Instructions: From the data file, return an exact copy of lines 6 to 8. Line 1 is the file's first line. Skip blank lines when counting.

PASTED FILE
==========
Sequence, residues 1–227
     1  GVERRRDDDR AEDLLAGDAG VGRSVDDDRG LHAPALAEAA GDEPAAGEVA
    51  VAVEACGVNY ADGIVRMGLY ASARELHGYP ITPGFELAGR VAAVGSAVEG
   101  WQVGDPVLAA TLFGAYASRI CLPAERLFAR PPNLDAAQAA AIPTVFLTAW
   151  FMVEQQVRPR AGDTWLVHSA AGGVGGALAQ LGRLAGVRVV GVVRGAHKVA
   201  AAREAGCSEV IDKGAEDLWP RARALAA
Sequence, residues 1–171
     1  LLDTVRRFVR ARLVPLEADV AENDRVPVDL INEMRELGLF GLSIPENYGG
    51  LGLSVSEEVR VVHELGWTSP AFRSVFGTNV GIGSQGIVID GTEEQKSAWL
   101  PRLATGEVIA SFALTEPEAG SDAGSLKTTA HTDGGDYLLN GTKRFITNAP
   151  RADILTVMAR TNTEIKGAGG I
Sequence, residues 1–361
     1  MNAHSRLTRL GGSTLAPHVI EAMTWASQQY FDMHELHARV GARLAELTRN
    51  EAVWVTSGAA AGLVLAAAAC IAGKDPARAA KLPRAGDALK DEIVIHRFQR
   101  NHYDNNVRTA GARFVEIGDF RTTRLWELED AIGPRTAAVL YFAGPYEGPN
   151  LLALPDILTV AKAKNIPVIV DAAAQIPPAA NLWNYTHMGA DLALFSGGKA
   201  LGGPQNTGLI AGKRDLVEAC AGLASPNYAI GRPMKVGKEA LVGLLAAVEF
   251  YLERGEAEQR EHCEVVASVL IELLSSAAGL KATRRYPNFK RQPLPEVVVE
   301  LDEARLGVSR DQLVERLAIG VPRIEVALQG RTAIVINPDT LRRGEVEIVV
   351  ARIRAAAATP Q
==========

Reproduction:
   201  AAREAGCSEV IDKGAEDLWP RARALAA
Sequence, residues 1–171
     1  LLDTVRRFVR ARLVPLEADV AENDRVPVDL INEMRELGLF GLSIPENYGG